Here Albino shares the recipe for a new Roasted Stuffed Mushrooms appetizer. As written, the recipe is vegetarian and gluten free. Albino says you can adapt it to include chopped crab, lobster or sausage.

At Delaney’s Tavern, Albino finishes the dish with two sauces, a Porcini Goat Cheese Mousse and a Piquillo Coulis, but he says: “I would recommend any kind of aioli, or a horseradish based sauce. Or if you want to kick it up, some kind of chipotle sauce.”

Click here to see the full recipe on the Community Paper’s website.

Sweet Potato Gnocchi from Soco Thornton Park

Sweet Potato Gnocchi

This month’s Local Flavor, the column I do in partnership with The Community Paper, features a recipe from a downtown favorite, Soco Thornton Park.

Soco has become a fixture of downtown dining, thanks to the cuisine of chef/partner Greg Richie. Here he shares the recipe for his Sweet Potato Gnocchi, which is a perfect example of the restaurant’s style of southern contemporary, from which the name Soco is derived.

Follow this link to see the full recipe at The Community Paper’s website.

Shrimp & Grits with Cornbread from the Pinery

Pinery shrimp and gritsPhoto: The Pinery

Shortly after it opened last summer, The Pinery, the very good lakeview restaurant in the Ivanhoe Village district, had a chef change. Steven Mattix took over the role of executive chef following the departure of opening chef Naomi Freeman. (You can read my review here.)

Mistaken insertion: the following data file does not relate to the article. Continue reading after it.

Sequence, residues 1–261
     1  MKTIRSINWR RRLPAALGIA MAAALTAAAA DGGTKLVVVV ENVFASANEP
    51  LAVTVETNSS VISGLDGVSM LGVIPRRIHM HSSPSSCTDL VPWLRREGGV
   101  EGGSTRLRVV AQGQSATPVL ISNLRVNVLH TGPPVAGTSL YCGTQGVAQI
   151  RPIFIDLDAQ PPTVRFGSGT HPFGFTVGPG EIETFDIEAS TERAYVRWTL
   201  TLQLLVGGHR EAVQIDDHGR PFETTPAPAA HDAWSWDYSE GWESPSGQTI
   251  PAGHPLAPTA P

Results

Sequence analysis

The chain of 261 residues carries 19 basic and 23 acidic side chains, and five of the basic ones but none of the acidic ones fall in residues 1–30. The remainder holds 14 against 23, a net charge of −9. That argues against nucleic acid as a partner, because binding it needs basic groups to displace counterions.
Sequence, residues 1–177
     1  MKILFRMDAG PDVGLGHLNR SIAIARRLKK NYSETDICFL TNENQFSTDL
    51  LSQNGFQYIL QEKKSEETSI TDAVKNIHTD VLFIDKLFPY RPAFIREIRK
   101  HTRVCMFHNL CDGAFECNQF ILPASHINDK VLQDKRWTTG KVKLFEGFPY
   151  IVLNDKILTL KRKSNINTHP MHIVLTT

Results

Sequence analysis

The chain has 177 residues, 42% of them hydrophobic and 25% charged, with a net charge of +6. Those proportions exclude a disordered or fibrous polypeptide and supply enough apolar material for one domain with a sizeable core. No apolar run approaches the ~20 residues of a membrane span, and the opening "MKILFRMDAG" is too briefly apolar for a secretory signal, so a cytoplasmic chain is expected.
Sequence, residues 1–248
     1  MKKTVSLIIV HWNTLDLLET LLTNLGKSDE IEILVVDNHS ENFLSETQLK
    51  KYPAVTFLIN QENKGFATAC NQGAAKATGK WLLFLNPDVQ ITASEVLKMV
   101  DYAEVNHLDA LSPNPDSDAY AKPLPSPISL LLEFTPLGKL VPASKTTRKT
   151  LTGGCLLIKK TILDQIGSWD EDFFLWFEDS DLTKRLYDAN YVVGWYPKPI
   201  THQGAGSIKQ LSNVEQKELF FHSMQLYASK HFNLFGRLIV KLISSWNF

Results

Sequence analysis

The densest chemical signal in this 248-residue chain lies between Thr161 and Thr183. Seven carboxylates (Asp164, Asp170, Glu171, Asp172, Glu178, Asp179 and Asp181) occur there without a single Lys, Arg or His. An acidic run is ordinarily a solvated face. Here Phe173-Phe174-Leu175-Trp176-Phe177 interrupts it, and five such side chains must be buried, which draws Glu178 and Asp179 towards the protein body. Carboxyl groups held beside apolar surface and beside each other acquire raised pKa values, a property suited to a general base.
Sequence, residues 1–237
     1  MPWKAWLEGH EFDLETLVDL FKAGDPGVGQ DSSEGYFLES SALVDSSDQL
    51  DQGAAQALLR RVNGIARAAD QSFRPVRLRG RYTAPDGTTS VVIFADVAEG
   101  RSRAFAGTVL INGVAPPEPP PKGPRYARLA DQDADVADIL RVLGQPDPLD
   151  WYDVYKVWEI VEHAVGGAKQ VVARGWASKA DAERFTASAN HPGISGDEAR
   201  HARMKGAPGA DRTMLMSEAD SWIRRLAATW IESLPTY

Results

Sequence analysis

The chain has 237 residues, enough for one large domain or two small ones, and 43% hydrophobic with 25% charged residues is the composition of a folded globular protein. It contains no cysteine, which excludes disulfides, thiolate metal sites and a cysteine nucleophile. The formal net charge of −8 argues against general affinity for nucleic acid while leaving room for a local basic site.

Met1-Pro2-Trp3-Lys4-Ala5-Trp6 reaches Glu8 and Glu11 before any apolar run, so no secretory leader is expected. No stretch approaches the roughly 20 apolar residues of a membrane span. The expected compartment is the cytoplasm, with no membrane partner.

Mattix moved to Central Florida from the D.C. area where he was a sous chef for Jose Andrés and also opened restaurants for [Jeff] Black’s Restaurant Group.

So far he has maintained most of the opening menu, though there may be some changes to come. I asked Mattix if he could share the recipe for the restaurant’s Shrimp & Grits with Cornbread for my monthly Local Flavor column with Community Paper, and he was more than happy to oblige.

You can find the recipe on the Community Paper’s website. Mattix suggests you make the cornbread, which is essential to the recipe, first so that it’s ready as soon as you’ve cooked the shrimp.

Give it a try.

Blackened Double Lamb Chops with Garlic and Potato Gratin from Russell's On Lake Ivanhoe

Russells double lamb chop

Russell’s on Lake Ivanhoe was recently voted 2021 Best New Restaurant in our Foodster Awards for Independent Restaurants. Much of the restaurant’s popularity is due to chef/partner Emmanuel Clement’s French-influenced menu. In the February issue of the Community Paper, he shares his recipe for Blackened Double Lamb Chops with Garlic and Potato Gratin for my monthly Local Flavor column.

You’ll notice in the photo that Clement frenches the bones of the chops. That is, he scrapes off the gristle on the “handle” of the chop. It makes for a prettier presentation but is totally unnecessary.

The recipe calls for eight double chops — ask your grocer’s butcher for them — but you could easily make it with four or even two. (Make all the potatoes, though, because you’re going to want extras.) Click here to see the recipe.